Haverhill Council Agrees with Bradford Condominium Complex Changes, Votes Approval

Architect’s original rendering of three proposed condominium buildings on Railroad Street.

The Haverhill City Council last night approved a handful of requested changes to plans for the construction of 48 condominium units in three buildings along the Merrimack River in Bradford.

The project, to be built on 1.4 acres of land at 38 Railroad St., won Council approval in 2021. As plans developed, however, some necessary design changes came up and were extensive enough to require re-approval by the City Council. Attorney Paul A. Magliocchetti represents the project developer Ernest Cioto.

“Some changes to the building were requested by the building inspector to meet certain code requirements and the building inspector’s office and Planning Director Pillsbury determined that some of the changes that were required constituted a change under the new ordinance that you passed a few months back,” he said.

Those changes included the elimination of skylights above stairs, the addition of rooftop structures to allow for elevators in the buildings, improving windows, removing exterior decks and replacing the material to be used for roofing.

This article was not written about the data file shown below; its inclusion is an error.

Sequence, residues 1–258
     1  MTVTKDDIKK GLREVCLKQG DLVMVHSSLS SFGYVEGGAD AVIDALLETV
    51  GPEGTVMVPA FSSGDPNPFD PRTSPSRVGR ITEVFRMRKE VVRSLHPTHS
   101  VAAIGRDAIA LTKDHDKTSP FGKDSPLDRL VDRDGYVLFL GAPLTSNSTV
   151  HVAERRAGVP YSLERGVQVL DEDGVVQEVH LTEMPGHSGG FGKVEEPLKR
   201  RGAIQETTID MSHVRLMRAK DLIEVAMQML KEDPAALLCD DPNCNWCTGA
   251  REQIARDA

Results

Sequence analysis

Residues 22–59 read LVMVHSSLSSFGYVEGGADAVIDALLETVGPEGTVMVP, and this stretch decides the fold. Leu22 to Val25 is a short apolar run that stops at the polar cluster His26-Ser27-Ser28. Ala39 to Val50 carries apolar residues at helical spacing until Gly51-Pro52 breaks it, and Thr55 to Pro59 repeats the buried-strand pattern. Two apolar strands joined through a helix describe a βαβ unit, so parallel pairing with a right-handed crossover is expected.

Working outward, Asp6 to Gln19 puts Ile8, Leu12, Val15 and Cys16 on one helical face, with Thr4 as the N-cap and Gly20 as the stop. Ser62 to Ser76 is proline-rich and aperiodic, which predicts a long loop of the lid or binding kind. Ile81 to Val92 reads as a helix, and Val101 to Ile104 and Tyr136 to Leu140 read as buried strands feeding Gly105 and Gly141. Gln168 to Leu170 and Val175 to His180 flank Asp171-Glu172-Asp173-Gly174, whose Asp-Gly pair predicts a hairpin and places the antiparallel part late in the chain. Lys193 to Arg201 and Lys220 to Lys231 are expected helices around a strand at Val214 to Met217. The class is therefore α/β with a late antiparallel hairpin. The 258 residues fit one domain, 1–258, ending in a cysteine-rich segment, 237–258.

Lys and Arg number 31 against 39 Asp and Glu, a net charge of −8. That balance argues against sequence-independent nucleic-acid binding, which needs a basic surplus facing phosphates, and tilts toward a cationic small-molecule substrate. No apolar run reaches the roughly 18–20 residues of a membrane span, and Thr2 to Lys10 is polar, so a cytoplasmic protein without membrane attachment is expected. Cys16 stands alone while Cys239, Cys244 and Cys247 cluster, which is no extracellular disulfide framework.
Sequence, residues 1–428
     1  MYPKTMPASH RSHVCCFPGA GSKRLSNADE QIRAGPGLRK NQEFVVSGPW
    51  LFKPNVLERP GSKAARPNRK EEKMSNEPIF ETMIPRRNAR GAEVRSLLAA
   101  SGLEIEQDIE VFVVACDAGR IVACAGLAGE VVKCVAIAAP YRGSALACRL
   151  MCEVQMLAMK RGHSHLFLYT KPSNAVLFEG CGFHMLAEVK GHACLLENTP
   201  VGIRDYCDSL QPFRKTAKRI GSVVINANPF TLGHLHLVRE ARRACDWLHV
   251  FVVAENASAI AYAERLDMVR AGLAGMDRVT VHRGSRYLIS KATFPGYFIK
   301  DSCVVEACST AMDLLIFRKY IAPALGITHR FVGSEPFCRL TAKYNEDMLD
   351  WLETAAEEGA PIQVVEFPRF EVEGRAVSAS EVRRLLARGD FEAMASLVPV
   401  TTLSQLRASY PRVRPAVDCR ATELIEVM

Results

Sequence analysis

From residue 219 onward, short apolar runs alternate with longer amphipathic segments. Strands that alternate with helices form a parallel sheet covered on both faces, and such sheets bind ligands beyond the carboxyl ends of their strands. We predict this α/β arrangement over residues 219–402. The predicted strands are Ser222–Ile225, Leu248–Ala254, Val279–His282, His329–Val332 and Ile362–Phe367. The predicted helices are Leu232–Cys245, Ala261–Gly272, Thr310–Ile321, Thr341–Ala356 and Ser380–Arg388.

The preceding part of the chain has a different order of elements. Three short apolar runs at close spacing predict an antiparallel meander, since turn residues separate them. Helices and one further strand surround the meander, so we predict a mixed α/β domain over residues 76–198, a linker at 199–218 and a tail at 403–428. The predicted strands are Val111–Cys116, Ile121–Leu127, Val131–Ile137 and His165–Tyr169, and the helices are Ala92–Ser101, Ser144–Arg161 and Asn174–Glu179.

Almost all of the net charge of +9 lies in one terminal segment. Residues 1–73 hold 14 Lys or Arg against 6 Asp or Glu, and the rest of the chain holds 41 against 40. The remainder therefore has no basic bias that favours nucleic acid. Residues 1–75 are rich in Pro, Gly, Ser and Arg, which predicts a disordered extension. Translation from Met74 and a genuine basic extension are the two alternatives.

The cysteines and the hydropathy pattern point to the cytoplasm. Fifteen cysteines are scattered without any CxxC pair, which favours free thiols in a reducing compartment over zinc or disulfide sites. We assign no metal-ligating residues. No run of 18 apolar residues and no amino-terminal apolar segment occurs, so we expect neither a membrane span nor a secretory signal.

David Choi, the architect for the project told councilors these changes were all developed to provide better building safety and greater energy efficiency and not as a way to cut expenses for the developer.

“We are trying to construct a net-zero building, a much more energy efficient building and Massachusetts is going to adopt new energy code and so we want to be up to the times with the energy code. The features that are eliminated is because of life safety and energy code,” he explained.

Councilors said they were pleased with the new changes and improvements with Councilor John A Michitson offering kudos for the attempts at utilizing non-polluting electrical energy.

“You should be commended for trying to move forward because this is what’s going on all over the world,” he said.

Ultimately, the Council voted 7-1 to approve proposed modifications with Councilor Thomas J. Sullivan as the only opposing vote and Councilor Joseph J. Bevilacqua absent from the meeting.

While Sullivan did not explain his reason for a no vote, when the Council voted on the project two years ago, the councilor expressed his dissatisfaction with a development of that magnitude without taking care of infrastructure issues, such as road improvements, first.

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